Google+ Georgia On My Mind: Non Sibi Sed Aliss.....Not For Themselves But For Others

Thursday, December 9, 2010

Non Sibi Sed Aliss.....Not For Themselves But For Others

The image seen here is the official seal of Georgia.

Seriously…..it is.

Really.

Would I kid you?

I’m sure you have questions.

Questions such as…where is the arch with three pillars representing the three branches of government draped with the words “wisdom”, “justice” and “moderation”? Where is the soldier standing with his sword drawn? Where are the words “State of Georgia” and the year “1776”?

The image seen here is NOT the seal of the state of Georgia but it IS the seal of the Georgia colony and was used by the Trustees of the colony.

The Georgia Historical Society states, “The seal used by the Trustees represented the colony's role within the British Empire, as well as its emphasis on the production of silk. The seal, seen in the above sketch, incorporated a black mulberry leaf with a silkworm and cocoon (mulberry leaves were used to feed the silkworms in sericulture, the cultivation of silk). The motto inscribed was "Non sibi sed aliis," Latin for "Not for themselves but for others." The seal and motto are a symbol of Georgia's role as a mercantile colony established to be the source of silk, not for their own benefit, but for England's. “

Most Georgia history students are taught that due to the colony’s warm climate and southern location many felt it was the perfect location for the cultivation of silk. They are also taught that eventually the manufacturing of silk failed and other crops became more important like cotton. Usually, the silk industry in early Georgia is just a blip on the history map…..a mention lasting about ten minutes at the most.

That’s it…..a short little paragraph for students to grasp.

Well…..there’s more to the story.

The silk industry in Georgia began in 1734 with some experimental plantings of mulberry trees in the Trustee’s Garden in Savannah. The trees were planted because silk worms live off of the mulberry leaves. In fact, the cultivation of silk was so important all Georgia colonists were required to plant mulberry trees once they took possession of their plot of land.

After a few months the colonist had to admit there were significant issues regarding the silk worms themselves. The whole process was labor intensive. The Trustees decided the colonist who had been hired to manufacture the silk needed some expert advised so they invited an Italian contingent to the colony to teach them the ins and outs of manufacturing silk, but there were constant issues between the Italians and the “Georgians.”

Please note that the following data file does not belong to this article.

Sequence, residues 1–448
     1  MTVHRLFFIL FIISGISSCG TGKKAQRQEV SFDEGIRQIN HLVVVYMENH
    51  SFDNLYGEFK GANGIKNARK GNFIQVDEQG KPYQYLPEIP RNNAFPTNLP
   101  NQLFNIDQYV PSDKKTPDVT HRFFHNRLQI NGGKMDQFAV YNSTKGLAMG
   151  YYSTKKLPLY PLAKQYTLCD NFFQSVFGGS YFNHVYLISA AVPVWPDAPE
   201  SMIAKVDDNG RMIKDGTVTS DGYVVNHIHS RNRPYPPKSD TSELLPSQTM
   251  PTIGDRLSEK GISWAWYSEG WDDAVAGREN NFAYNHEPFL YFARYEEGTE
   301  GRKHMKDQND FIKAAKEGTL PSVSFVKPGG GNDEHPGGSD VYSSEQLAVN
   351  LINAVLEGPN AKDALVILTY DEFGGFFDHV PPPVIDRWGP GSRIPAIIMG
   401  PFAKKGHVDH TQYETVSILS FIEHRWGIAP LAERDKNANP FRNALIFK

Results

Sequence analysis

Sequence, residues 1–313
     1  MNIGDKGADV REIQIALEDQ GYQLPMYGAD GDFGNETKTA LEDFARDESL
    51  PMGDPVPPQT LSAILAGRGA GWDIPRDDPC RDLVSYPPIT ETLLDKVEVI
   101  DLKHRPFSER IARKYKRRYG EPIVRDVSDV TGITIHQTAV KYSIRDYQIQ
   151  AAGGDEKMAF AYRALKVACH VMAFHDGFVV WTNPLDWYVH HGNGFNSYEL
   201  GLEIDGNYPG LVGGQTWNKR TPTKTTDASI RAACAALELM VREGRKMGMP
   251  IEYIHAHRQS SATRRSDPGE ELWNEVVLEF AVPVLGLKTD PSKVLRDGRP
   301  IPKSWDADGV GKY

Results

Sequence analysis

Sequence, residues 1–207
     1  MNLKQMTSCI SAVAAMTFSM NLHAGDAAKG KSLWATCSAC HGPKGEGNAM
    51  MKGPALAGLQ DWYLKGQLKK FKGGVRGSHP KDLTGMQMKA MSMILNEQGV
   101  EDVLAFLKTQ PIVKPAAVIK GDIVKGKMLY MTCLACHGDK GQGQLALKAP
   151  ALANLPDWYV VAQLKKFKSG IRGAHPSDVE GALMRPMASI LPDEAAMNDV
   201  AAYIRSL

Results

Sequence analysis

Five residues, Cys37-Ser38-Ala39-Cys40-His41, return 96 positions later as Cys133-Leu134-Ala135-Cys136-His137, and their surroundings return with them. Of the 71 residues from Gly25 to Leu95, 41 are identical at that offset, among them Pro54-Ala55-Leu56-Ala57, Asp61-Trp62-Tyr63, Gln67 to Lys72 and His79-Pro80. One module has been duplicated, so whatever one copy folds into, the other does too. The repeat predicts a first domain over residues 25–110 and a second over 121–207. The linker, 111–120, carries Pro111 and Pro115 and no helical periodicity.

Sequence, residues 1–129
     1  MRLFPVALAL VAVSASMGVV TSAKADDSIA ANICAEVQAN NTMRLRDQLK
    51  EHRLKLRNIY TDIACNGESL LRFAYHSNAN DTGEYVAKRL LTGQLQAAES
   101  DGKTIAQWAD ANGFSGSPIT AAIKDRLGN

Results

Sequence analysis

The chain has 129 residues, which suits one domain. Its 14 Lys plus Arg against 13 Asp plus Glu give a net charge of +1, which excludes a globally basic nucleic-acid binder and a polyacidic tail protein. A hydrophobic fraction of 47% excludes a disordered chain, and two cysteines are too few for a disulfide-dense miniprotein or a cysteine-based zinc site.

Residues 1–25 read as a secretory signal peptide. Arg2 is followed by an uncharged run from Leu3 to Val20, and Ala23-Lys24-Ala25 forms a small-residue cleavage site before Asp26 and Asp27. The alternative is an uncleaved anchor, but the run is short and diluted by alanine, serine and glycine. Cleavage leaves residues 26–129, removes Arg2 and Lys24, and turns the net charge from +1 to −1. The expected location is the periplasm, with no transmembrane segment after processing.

In fact, an Italian skilled in the production of silk named Paul Amatis accompanied Oglethorpe to Georgia in 1732, and another Italian named Joseph Ottolenghe was responsible for erecting a filature at Reynolds Square, located on Abercorn between Bryan and Congress Streets. A filature is a structure used to house cocoons and where silk is reeled. The filature at Reynolds Square held a record number of 15,212 pounds of cocoons.

John Milledge was assigned a grant of land located on Skidaway Island sometime between 1754 and 1771 where he named his plantation Modena, supposedly after an Italian town that was the center of the silk culture. Milledge’s son, John, Jr., became the founder of Franklin College which eventually morphed into the University of Georgia.

Apparently, it didn’t take long for the Georgians to have some success with actual fabric being produced as James Oglethorpe was able to supply the wife of King George II, Caroline, enough silk for a gown she wore to the King’s birthday celebration in 1735.


I would love to write I was able to locate a painting of Queen Caroline wearing Georgia silk, but at this point I can only speculate. I did find a painting she commissioned by Jacopo Amigoni (Giacomo Amiconi) in1735….the same year she reportedly wore the dress created from Georgia silk. The cape the Queen is wearing in the painting is actually a state robe trimmed in ermine, however, the dress she is wearing could very well be the dress she wore for the King’s celebration and was made entirely of Georgia silk.

By 1742 enough silk was being produced for it to be a commodity and records show by 1767, a ton of silk was being exported each year.

The Salzburger colonists outside of Savannah were also experimenting with silk and had even more success than those in Savannah. One woman in the community was quite successful creating silk for fishing lines.

Eventually the industry could not overcome the ups and downs in the Georgia climate, and cotton proved to be a far easier and more economical crop to produce.

Even so silk didn’t just go by the wayside. It was still around in the 1830s as far inland as Cherokee County. In fact, the state of Georgia historical marker at the square in front of the courthouse states, “Early settlers tried to start silk production, but were not successful, and today there remains no trace of this except Canton, hopefully named for the Chinese silk center.

At that point silk then just became a chapter in the Georgia history books.

1 comment:

Brendan Waters said...

Great article. Very informative. I wonder what else is in those history books.

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